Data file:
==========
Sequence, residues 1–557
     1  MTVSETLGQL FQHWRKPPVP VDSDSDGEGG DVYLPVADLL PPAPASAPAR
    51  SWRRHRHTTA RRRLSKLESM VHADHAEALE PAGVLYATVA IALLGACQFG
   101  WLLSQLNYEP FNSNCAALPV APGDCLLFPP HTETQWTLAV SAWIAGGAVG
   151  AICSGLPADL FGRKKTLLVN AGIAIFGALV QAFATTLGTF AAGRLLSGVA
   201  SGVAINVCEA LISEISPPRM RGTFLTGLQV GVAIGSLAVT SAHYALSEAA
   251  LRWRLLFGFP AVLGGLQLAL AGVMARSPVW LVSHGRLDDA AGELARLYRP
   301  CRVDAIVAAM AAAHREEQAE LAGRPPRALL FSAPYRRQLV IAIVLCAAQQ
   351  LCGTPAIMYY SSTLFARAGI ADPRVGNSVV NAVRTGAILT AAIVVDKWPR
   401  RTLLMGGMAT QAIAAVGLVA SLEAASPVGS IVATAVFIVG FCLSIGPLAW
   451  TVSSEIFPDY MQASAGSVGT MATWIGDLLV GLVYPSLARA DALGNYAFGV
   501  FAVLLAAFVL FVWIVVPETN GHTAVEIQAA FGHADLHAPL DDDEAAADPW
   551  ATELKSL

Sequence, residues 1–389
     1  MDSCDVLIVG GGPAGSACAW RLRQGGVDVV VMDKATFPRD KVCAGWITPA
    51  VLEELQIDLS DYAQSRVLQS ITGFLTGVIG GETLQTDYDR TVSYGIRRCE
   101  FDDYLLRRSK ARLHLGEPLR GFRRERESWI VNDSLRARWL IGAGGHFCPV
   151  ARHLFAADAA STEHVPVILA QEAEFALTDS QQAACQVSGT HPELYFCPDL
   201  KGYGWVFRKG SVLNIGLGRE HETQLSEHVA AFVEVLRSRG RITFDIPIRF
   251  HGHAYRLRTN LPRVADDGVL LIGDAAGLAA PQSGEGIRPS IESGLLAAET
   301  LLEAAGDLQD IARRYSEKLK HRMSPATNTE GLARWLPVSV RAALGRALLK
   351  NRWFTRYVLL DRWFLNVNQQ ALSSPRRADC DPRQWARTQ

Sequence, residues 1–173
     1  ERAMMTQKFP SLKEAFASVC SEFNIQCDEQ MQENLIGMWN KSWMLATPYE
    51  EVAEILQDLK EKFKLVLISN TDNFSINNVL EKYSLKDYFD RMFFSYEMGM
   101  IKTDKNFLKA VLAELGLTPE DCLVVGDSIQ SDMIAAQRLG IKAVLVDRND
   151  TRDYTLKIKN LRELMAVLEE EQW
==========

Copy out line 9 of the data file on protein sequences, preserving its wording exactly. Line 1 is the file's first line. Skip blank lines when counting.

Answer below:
   351  LCGTPAIMYY SSTLFARAGI ADPRVGNSVV NAVRTGAILT AAIVVDKWPR